Why do you run?

I was meant to write this yesterday whilst still basking in the glory of my 7minute PB at Brighton Half (more on this later), but I couldn’t sit still for long enough to write it as my legs were screaming at me and the foam roller of doom beckoned. #PBproblems.

I’ve got a 10 o’clock start today (hurray for flexi-time) so if you’re lucky and I don’t procrastinate too much on Twitter and Facebook I’ll be able to get this written and published before I leave for work. I’m leaving the bike at home and treating myself to a walk in, to loosen the legs up and get a bit longer on Rivers Of London on Audible. (Great book, you have to read/listen to it).

Asking the question…

As me and the hubs cracked open the Cab Sav last night and toasted our amazing day of running, racing and epic refuelling (roast dinner and sticky toffee pudding for lunch, pizza and chocolate for tea – clean eating starts again this week!), we started to talk about why we love to run. 

For me, whenever someone asks me that question I turn into an excited child, proclaiming my undying love for it; big grin plastered across my face, eyes darting around the room and hands waving all over the place as I try to put into words what it means to me. 

Nothing gives me that high like putting one foot in front of the other in the wonky way that I do. I do/have done a lot of other fitness stuff – cycling, climbing, swimming (work in progress), bootcamp, even boxing – and yes, stepping into that ring was the most terrifying, and exhilarating, and awesome experience of my life; but my heart belongs to running. 

Those lovely, awesome endorphins that stay with you for hours afterwards.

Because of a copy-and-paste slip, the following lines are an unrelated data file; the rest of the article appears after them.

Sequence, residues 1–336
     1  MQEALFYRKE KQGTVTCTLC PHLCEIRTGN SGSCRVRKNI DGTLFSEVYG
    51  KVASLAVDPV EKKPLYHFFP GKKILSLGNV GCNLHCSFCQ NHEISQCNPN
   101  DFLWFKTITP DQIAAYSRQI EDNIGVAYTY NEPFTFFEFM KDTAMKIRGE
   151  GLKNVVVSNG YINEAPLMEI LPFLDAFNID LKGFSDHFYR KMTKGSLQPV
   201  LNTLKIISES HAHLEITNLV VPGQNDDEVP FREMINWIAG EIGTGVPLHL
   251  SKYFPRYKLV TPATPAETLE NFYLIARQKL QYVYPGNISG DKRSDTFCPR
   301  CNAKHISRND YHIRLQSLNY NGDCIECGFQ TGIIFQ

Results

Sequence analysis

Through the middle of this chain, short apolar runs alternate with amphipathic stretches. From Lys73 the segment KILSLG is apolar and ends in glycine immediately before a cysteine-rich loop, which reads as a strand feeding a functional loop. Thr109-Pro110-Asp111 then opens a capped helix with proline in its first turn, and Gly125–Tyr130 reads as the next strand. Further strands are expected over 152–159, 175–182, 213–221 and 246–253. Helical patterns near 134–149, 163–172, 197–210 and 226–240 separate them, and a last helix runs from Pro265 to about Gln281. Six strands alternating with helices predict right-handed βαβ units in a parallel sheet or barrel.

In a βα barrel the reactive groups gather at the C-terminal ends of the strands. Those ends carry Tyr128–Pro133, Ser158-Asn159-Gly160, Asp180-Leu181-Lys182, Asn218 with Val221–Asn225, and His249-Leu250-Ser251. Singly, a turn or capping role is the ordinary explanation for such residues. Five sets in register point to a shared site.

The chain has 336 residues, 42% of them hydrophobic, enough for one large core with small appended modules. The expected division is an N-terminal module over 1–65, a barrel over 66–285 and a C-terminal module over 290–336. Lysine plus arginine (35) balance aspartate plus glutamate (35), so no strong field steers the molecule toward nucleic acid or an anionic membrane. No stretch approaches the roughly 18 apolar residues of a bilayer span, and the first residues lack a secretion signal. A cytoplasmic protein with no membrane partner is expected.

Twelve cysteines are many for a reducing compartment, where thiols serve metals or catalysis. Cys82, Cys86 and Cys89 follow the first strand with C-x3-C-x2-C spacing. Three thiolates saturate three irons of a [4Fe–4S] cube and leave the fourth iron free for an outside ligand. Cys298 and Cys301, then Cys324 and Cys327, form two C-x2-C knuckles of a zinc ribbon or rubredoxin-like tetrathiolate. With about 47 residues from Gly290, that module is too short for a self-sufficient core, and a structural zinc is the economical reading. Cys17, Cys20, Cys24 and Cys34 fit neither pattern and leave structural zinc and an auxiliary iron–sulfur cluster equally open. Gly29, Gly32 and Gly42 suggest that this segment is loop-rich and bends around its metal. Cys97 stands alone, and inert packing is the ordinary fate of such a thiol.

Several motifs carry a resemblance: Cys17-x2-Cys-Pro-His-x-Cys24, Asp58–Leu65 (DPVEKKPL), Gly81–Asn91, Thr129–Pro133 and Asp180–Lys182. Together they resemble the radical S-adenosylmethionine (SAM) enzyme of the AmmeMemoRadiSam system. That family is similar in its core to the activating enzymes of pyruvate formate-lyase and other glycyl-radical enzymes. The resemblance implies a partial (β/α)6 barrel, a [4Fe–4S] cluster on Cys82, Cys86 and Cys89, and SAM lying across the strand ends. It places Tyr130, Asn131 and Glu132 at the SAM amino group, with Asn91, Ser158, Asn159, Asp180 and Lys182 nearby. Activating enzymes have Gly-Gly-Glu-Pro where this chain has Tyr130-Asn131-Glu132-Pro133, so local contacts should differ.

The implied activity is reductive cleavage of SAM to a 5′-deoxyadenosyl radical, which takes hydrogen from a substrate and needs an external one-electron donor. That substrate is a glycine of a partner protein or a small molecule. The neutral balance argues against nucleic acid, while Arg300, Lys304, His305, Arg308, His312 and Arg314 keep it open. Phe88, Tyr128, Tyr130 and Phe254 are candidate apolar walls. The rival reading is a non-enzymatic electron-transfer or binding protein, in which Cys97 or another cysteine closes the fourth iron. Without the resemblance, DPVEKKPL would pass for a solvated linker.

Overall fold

I love to run for so many reasons, and trying to articulate them into a coherent sentence or blog post is actually proving quite hard, but I know that it comes from something inside of me, if that makes sense. Like it’s in my soul. 

It’s a massive contradiction:

I run to think, to have some ‘me time’. 

But then I also run to be part of the community – to chat to others, to share those races with BOSHers and Twitter friends, and those tough, hilly and beautiful miles across the hills of the South Downs with fellow RunBrighton members. 

I run to get outside and appreciate this gorgeous city we live in. 

But then I also run on the treadmill staring at a screen some lunchtimes for a quick interval-fuelled endorphin fix. 

I run to compete with myself, to better myself, to get that wonderful PB. 

But then I also run just for the sake of it, without my watch (alright, only very occasionally), to be free of pace, and time, and structure. 

It’s So. Bloody. Hard.

But then it’s just so easy when it works. 

Sometimes it hurts, gives you blisters, pulls your tendons, injures your knees. 

But then it’s always worth it, in the end. Always. 

Mundane tasks like cleaning the kitchen become much more enticing when you’re staring at the beginning of 16+ long slow miles on the training plan. 

But when you stop procrastinating and get out there and get it done, you wonder why you were so worried. That was AWESOME. 

I asked people on Facebook (members of BOSH Run) and Twitter why they run, and so many brilliant replies came out of it. Just look at all these words, who wouldn’t want to run when this is why we do it?!

Why do you run? Tell me… tell me everything! 


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